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Friday, September 02, 2011

I Rekkin That's a Purdy Good 'Murkin Accent Ya Got Thar, Pardner.

Go to the Telegraph and be amused at the photo essay: "When British Accents Go Bad," a compendium of movies set in in the UK with non-Brits, mostly Americans, cast as British characters, and whose mangling of Blighty patois is rightly described as "cringe-worthy." The Telegraph's picks are spot-on (you might say). There is, however, a crying need for the logical sequel to this piece: "When American Accents Go Bad," which gives us examples non-Americans having a go at American accents, with equally egregious results.

There are oh-so-many possible nominations for the dubious honor roll but I offer just one, the BBC's adaptation of Anthony Trollope's "The Way We Live Now," which nicely illustrates British cinema's propensity for assuming all Americans speak in laughably bad southern accents, regardless whence in America the characters may hale, which in this case is Kansas (Mrs. Hurtle) and California (Hamilton K. Fisker). Neither of the actors playing the parts are British; Miranda Otto is Australian, Michael Riley is Canadian (and should know better). The absurd and amateurish accents they effect must have been at the behest of the series' director, David Yates. Well, yippee ki-yay, old chap!

Readers on both sides of the pond are encouraged to offer their own pain-inducing examples of bad American accents in British flicks.

4 comments:

Tim of Angle said...

Actually, a good instance of a Brit doing a credible American accent is Minnie Driver in GROSSE POINTE BLANK. And Bob Hoskins does a pretty good job in WHO FRAMED ROGER RABBIT and THE COTTON CLUB.

Bernard Brandt said...

I dunno, but the most cringe-worthy butchering of an American accent by a Brit, in my opinion, was when Benny Hill and his cast were doing a Texas country-western skit, complete with dialogue.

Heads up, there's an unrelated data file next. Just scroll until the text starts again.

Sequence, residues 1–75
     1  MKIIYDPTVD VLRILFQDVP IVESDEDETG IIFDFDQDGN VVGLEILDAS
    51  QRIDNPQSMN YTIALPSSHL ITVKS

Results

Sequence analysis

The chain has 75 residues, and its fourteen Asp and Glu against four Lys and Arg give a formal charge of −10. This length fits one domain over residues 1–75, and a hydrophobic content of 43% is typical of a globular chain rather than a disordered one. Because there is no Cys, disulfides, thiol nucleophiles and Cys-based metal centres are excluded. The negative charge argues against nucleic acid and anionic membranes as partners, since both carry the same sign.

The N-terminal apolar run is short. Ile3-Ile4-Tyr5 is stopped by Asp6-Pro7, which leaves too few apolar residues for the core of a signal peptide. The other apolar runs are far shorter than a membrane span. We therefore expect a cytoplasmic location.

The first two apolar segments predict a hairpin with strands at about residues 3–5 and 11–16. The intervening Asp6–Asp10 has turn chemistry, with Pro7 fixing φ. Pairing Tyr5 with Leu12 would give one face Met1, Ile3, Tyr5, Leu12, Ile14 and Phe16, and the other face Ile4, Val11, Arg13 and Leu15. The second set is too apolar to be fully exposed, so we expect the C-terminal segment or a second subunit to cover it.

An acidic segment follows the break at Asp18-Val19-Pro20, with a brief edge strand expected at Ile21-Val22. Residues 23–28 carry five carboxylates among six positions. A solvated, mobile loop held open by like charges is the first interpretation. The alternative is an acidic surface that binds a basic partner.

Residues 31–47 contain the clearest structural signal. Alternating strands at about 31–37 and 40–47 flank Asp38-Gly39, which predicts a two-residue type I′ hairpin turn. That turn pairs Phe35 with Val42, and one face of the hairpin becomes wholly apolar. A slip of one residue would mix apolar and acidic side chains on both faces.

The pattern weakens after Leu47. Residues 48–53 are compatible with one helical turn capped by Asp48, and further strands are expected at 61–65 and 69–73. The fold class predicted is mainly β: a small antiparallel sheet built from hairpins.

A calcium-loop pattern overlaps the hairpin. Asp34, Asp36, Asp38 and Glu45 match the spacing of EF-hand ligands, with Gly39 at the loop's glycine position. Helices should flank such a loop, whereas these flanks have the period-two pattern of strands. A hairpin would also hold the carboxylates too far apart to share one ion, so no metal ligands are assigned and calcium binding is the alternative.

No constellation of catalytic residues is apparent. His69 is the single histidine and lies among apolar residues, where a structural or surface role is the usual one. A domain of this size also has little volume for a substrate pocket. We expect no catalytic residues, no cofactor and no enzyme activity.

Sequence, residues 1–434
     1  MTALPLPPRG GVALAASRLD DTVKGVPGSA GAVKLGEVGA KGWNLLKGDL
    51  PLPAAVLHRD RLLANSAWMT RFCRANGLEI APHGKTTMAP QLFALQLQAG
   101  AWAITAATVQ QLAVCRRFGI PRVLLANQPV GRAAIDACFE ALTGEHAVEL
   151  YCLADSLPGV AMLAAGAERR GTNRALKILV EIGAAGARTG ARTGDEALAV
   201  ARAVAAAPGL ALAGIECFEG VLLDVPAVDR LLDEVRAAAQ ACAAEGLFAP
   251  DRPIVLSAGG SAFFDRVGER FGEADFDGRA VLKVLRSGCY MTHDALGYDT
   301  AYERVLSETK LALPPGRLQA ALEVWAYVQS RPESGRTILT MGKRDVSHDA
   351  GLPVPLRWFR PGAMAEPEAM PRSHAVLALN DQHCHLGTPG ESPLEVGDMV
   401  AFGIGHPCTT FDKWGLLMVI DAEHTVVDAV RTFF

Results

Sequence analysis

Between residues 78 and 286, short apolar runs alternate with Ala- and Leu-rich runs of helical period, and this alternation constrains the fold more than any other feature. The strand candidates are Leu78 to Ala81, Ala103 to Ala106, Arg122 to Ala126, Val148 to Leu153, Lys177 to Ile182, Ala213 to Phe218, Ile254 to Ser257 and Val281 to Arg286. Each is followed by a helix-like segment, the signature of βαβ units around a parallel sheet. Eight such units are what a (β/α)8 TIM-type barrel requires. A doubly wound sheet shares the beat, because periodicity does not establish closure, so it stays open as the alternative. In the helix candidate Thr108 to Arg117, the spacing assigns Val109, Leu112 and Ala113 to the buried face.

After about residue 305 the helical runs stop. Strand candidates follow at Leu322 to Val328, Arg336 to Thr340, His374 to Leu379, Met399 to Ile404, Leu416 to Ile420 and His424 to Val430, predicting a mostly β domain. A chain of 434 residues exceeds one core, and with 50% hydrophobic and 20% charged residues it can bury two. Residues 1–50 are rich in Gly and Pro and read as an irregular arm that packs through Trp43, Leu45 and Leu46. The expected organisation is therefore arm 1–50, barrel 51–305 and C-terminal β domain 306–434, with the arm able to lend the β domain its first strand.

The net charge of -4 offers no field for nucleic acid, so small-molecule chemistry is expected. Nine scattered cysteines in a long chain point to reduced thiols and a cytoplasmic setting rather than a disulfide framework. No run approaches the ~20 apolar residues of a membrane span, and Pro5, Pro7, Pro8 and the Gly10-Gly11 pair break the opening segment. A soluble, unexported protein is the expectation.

Dreadful.

The young fogey said...

I remember in England so many people thinking Americans sound like caricatures of Southerners. Sort of like many Americans' tin ear for regional and class English accents, or why everybody in England on American TV sounds like either Prince Charles or Michael Caine cockney, sometimes even characters in the same family.

British actors seem to do a much better job faking American accents than the other way round. (Hugh Laurie as House.) So do many ordinary Brits. Makes sense since they've listened to American songs, movies and TV all their lives. Once saw a YouTube of two English teenage girls doing a very convincing Valley Girl impression.

Anyway, bad American accents by Brits: all I can think of is, and I'm not a Dr Who person, the pretty brunette who played one of his companions, Peri. I heard the obviously fake accent then saw in the credits her name was Nicola. Had to be. Sure enough.

A mention should be made of Loyd Grossman, the poor man who for all his good intentions still sounds like some tourist off the plane from Boston trying and failing to talk like Prince Charles. If you really want to try that, take speech lessons!

The thing is accent like language itself becomes much harder to change after you hit puberty. If you move, you may pick up or affect some local sounds but will never pass as a local.

The young fogey said...

Thought of a bad accent for you: Linus Roache (the lead in that stupid Priest agitprop movie) in 'Law & Order'. Fake Noo Yawk mixed with English English ended up sounding sort of Martian.